Department of Rhetoric
P.O. Box 846
Hampden-Sydney, VA 23943
Lizabeth A. Rand, Chair
Spring 2013 Rhetoric 401 Course Description
Topics in Rhetorical Theory and Practice
Communication and Gender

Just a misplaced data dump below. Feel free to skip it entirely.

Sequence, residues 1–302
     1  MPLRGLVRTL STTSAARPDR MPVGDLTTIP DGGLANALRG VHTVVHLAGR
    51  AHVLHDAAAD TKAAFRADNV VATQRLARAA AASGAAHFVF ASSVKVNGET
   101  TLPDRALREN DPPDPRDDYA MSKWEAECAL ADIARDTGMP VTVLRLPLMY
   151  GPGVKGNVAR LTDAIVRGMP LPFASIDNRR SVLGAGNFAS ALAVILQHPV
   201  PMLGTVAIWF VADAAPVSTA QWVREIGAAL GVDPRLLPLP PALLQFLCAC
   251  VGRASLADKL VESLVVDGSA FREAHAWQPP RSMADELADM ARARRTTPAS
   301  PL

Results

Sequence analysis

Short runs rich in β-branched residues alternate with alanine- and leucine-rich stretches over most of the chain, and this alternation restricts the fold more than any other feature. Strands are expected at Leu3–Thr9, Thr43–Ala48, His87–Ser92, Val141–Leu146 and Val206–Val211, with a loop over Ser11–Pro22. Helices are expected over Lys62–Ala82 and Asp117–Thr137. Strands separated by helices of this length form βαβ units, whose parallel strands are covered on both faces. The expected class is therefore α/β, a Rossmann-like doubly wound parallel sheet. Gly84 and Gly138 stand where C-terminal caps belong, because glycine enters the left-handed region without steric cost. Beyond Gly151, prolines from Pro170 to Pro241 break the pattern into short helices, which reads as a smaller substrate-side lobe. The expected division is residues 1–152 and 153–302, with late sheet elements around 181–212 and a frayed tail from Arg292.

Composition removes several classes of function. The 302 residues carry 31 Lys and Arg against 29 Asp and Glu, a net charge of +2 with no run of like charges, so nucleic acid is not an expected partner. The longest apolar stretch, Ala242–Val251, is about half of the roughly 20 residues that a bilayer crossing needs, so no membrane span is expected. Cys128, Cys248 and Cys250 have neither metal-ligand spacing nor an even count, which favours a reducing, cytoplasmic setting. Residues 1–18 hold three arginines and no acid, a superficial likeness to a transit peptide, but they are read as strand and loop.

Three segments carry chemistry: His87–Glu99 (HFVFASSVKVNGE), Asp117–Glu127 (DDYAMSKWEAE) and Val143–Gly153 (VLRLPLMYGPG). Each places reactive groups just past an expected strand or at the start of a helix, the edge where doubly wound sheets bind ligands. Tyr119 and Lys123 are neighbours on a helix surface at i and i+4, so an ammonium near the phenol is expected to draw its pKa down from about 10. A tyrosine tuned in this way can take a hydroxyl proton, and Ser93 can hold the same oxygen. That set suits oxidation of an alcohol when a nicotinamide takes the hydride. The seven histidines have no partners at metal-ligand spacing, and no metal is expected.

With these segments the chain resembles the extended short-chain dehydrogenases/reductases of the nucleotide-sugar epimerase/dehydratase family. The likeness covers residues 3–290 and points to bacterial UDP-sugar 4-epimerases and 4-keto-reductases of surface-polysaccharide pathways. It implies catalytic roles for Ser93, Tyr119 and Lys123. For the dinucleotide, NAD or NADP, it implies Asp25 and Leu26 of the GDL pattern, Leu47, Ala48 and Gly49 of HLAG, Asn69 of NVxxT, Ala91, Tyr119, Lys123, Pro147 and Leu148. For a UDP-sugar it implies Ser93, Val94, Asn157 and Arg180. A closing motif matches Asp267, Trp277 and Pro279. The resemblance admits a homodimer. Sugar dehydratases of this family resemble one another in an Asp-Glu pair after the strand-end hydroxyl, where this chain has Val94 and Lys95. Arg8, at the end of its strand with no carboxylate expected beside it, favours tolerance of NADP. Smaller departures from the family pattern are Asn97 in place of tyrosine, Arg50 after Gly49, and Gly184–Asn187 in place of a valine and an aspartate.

Course Description: This course is designed to give students who have completed the regular Rhetoric course sequence theoretical insights into issues related to writing and speaking—overall, to our use of language to communicate. The particular issue that we will be examining this semester is how gender affects the communication process—a “hot-button topic” these days. We will spend some time discussing ways gender itself is defined by different scholars, and will then examine the issues in several key gender-related debates: whether or not “masculine” or “feminine” writing/speaking styles exist, and whether young men have more difficulty than young women in developing their reading and writing skills in school settings. Students will read theoretical discussions of these issues and will also read and analyze works by major writers, especially those whose writing style has been traditionally viewed by critics as particularly “masculine” or “feminine.” Arrangements are in progress to allow the class to interact with male and female high school students to provide real-world material for students’ research projects. Students will write two major, research-based essays in the course of the semester (each one about 1250-1500 words); students will also be asked to write other, shorter, informal essays throughout the semester; oral presentations of ideas will also be required.